“Be In the Moment”: What Does It Really Mean?

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IMG_1879Meditation has become extremely popular and with good reason: The benefits for body, mind and spirit are well researched and well documented. Although I have practiced meditation since 1977, I recognize that phrases used in teaching meditation, such as “be in the moment,” can be difficult to understand.

Being in the moment is described as being fully mindful of our experiences as they happen, not focusing on the past or future with our thoughts.

I became much more skilled at living in the moment when I consciously made major changes to my personality and behaviors that I write about in my book “Pack Leader Psychology.”

While meditation can be helpful in developing this skill, I believe it is also important to thoughtfully choose to become aware of and eliminate certain habitual thoughts. Specifically, when I was struggling to improve my self-worth, I learned to become less judgmental of myself and others. I told myself consciously that these self-critical thoughts were not emotionally healthy and I chose to stop thinking them. This now allows me to truly engage in what I’m doing or who I’m with without an inner commentary that distracts me from that experience.

Most mindfulness practices, such as Buddhism, involve lessons on compassion for self and others. This is key to living in the moment.

As a psychotherapist I work with people who lack self-compassion. People with low self-worth often experience a constant stream of critical internal messages about themselves. It’s hard to live in the moment with those messages wafting through one’s brain.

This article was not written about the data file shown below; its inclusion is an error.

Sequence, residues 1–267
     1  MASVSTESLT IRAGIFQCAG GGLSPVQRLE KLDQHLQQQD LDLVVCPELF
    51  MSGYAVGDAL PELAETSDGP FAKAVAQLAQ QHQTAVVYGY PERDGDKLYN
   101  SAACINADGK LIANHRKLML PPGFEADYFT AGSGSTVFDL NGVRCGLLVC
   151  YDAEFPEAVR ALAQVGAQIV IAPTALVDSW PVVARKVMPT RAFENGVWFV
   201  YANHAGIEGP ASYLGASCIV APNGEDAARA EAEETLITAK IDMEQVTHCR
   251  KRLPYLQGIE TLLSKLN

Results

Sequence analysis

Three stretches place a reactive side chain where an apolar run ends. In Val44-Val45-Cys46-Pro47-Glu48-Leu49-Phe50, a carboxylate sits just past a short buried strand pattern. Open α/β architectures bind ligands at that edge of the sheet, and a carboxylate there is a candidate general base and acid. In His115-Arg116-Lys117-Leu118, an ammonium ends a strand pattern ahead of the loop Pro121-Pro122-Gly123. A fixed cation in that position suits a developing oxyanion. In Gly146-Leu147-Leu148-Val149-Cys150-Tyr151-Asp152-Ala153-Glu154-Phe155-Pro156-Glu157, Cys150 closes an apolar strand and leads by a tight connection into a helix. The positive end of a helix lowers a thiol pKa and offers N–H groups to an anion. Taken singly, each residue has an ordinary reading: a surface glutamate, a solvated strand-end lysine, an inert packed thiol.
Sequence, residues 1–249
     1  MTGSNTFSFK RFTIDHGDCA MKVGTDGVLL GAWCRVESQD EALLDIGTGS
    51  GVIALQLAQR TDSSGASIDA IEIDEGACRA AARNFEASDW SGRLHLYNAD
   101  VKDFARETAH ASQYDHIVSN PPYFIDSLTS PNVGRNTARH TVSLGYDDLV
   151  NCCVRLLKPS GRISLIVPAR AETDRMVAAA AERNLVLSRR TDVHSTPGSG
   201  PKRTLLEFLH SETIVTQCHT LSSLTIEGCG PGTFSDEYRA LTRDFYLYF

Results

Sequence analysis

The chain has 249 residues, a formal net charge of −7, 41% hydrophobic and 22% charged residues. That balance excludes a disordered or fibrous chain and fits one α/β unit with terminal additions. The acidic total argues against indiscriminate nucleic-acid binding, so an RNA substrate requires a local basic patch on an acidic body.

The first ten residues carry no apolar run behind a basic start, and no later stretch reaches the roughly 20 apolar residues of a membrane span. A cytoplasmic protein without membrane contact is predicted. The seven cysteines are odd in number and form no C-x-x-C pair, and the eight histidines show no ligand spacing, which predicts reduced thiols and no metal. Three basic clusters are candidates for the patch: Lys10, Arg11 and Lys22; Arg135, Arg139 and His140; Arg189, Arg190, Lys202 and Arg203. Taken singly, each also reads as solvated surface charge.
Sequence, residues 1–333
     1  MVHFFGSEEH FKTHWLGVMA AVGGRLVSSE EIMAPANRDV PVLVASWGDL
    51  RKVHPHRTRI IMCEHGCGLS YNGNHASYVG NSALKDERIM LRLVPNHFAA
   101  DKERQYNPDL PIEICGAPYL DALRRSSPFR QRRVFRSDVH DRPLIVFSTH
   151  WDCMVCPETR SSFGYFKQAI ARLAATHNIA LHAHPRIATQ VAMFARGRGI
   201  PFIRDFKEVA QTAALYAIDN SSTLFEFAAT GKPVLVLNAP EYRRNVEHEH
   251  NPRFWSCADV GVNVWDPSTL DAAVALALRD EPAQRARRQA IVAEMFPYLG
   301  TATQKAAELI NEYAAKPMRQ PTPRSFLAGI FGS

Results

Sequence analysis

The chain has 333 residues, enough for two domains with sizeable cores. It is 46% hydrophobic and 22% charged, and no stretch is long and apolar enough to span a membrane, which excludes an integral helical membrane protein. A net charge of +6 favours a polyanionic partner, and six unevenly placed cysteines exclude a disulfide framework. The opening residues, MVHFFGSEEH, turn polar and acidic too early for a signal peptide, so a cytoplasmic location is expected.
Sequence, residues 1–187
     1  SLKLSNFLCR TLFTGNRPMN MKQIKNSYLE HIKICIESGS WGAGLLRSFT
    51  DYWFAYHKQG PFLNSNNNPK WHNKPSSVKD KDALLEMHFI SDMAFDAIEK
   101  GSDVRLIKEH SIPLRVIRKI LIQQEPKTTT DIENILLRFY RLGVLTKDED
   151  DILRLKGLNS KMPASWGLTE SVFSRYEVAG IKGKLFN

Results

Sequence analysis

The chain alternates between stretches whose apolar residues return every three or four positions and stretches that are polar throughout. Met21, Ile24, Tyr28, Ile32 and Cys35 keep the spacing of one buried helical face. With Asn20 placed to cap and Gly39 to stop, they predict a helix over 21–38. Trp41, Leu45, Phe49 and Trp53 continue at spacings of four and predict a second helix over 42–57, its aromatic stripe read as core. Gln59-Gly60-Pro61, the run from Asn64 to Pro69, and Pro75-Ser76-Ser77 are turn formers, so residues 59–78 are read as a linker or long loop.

People who are not self-compassionate also tend to look externally for approval, making them  fearful of judgment by others. This means they do not live in their own experience, but are overly worried about the other person’s experience. I recall spending a ton of emotional energy worrying about things like: “Do they like me? What does he want me to say? Am I wearing the right outfit? She is touching her hair a lot — maybe she’s telling me my hair is out of place.”

Clearly, I wasn’t really in the moment, experiencing the full person authentically. I wasn’t just being myself, but was more concerned about the other person’s opinion of me. This meant I was not emotionally or physically attuned to other person. Research shows that people can unconsciously sense this lack of attunement. Parts of our brains are used to sense the emotions of others. This helps us get along socially in a group and allows us to sense fear in others so we can react quickly to a physical threat.

I believe that when I was so distracted during a conversation it sent two signals to the other person. The first is a signal of fear. This made the other person anxious, which isn’t exactly a relationship builder. I also unintentionally sent a signal that I did not really like the other person. Because if I was fearful, could it be that I was fearful of her? She didn’t know the cause of my fear, she only sensed the emotion, so this would make her also tense up, even if she did not consciously understand the cause of her reaction.